Sunday, May 23, 2010

Siege - Secret Warriors #1 - Marvel

I know this one is a little late, but . . I originally didn't pick it up. This Siege story-line was one that I tried not to get involved in . . at least not all the peripheral titles. If it crossed over into one of the books I was already reading . . fine. But I wasn't going to buy extra books just in the attempt to try to keep up. Some story-lines I'm willing to do that for. Siege wasn't one of them. Anyways, I thoroughly enjoy the Secret Warriors title, but . . I just didn't want to get caught up in it all. If I bought this one, then I'd have to buy the Spider-man one, and so on, and so on, and so on. But then when I was perusing E-bay, and I picked up some other books from this guy, I saw this one in the list for 99 cents. So, I thought . . what the heck. As it turns out . . I got it. Yay me! I thought it was an interesting issue. It doesn't really deal with the actual Siege, per-se. But rather some of the ripples that come out of it. Specifically . . the death of Ares. His son Phobos, or Alexander, is on Nick's Secret Warriors team. But this is pretty much a solo story. After seeing his father die . . on CNN, or something . . he remembers something that he told him . .'If I fall, my burdens rest with you. Good son's fear now father's war . . my honor, Alexander . . my honor demands that questions be asked . . why was I killed?' So he decides that he's going to go straight to the man in charge and ask him just that. He hacks into Nick's computers, and find his way into one of the secret entrances into the White House. All he wants to do is talk to the President, but . . everything is on full-alert because of the situation in Broxton. He fights his way through a horde of secret service agents, but the President make his getaway before Alexander can confront him. So instead, he leaves a note on his desk . . .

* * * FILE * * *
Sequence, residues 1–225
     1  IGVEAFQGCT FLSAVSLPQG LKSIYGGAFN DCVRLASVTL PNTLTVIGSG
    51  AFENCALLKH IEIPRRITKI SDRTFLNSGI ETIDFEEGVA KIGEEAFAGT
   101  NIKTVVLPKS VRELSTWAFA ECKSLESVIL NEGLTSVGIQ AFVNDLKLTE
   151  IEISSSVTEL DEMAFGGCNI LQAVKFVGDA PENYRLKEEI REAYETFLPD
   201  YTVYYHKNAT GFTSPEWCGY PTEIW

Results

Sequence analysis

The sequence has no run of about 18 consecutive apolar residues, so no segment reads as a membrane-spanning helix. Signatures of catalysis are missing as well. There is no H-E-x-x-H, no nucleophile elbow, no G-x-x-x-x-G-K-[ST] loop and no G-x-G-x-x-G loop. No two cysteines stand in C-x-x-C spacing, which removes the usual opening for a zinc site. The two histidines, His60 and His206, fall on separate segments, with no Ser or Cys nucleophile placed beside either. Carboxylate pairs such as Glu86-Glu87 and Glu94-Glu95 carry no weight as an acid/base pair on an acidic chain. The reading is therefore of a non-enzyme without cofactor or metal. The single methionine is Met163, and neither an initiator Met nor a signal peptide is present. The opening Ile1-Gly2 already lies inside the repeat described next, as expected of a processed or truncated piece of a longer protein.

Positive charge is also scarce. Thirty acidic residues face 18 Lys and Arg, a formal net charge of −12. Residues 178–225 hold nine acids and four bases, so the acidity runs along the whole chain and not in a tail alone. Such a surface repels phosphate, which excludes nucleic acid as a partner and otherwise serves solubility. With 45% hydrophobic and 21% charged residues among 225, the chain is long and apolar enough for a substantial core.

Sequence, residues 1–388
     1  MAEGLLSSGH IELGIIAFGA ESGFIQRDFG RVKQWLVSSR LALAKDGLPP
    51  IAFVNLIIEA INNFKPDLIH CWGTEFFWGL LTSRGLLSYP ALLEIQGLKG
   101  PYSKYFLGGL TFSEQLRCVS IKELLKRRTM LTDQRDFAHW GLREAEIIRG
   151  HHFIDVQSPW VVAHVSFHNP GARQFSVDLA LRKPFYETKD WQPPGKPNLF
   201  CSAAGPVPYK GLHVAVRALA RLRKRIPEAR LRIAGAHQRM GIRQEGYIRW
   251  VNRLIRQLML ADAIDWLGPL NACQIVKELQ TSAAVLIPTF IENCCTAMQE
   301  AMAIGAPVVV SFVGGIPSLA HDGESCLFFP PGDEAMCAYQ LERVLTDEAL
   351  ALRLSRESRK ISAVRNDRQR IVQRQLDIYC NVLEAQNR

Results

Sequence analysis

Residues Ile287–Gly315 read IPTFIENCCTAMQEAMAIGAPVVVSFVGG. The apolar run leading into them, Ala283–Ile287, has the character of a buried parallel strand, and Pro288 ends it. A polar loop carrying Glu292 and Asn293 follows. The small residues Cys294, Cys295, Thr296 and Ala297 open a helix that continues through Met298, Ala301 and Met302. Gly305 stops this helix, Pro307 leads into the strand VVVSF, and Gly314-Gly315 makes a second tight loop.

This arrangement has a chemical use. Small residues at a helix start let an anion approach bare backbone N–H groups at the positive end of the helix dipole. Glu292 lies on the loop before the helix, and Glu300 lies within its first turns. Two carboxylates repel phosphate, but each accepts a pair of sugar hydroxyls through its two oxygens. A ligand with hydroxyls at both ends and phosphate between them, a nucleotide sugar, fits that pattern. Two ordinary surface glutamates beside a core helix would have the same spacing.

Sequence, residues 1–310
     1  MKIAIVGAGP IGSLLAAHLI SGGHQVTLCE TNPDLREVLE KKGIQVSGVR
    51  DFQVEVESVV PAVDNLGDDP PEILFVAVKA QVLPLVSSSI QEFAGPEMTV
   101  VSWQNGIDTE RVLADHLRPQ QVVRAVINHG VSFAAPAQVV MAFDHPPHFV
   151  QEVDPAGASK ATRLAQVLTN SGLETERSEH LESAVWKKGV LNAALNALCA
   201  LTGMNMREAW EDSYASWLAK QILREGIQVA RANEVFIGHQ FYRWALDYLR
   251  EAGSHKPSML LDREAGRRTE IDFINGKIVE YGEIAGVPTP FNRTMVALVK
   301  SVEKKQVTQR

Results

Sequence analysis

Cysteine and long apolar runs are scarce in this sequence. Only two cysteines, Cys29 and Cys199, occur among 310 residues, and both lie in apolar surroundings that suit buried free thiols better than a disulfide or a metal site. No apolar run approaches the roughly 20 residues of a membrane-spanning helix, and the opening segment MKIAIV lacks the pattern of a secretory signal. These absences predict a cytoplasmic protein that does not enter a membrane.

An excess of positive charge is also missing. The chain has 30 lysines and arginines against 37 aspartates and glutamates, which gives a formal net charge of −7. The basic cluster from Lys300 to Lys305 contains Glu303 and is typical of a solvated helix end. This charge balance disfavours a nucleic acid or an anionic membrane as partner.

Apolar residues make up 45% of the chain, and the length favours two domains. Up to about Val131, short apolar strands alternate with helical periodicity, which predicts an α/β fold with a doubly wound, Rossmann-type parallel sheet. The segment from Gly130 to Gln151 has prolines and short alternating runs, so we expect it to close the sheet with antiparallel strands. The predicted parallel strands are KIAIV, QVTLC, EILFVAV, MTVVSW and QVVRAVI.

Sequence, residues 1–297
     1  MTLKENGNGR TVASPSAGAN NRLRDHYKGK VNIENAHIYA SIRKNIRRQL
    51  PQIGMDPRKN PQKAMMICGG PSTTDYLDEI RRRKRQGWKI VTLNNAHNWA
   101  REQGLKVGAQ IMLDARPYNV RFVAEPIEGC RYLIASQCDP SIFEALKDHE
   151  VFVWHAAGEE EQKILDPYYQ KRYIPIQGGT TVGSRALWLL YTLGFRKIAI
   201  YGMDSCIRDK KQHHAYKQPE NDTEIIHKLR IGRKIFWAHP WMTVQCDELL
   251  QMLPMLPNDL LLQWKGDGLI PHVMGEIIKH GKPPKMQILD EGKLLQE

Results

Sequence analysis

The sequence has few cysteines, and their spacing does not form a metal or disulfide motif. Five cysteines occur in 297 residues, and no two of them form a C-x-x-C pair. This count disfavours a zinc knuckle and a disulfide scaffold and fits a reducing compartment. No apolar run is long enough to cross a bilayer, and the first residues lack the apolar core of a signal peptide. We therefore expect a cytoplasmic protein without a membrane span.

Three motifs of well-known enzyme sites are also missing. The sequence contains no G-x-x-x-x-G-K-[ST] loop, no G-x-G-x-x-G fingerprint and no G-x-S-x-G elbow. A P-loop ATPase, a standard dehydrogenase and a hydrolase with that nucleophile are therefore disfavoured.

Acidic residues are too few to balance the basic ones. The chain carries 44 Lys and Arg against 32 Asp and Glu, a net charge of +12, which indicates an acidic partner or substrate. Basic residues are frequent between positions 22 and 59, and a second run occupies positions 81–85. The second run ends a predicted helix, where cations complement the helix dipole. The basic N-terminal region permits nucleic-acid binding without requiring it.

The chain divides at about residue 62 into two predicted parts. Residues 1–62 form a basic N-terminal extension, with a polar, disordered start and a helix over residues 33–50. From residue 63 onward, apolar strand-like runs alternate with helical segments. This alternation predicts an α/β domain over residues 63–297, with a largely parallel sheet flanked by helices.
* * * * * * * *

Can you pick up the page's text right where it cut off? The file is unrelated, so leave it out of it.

'Dear Mortal Head of State,
I came here today to explain the true and total consequences of your actions over the last several months. I'm guessing after today that would be unnecessary.
It's not every day that a human finds himself responsible for the death of a god and then on that very same day escapes facing another.
Surely fortune favors you, and the men I spared. Enjoy it.
But before you wash your hands of my father's blood, I would encourage you to reflect on what brought us to this point:
You sacrificed honor for expediency. You traded intent for quick action. You were wrong . . and we all suffered for it.
So do better now mortal man . . for if not I, then surely some god somewhere will someday find you wanting.
It would be a shame to wager your good fortune with folly.

The God of Fear.
Son of War. '

I thought that was pretty cool . . and intense. So all in all I don't feel like I wasted my 99 cents. Jonathan Hickman gave us a great story, with Allessandro Vitti doing the art. And, I guess . . better late than never.

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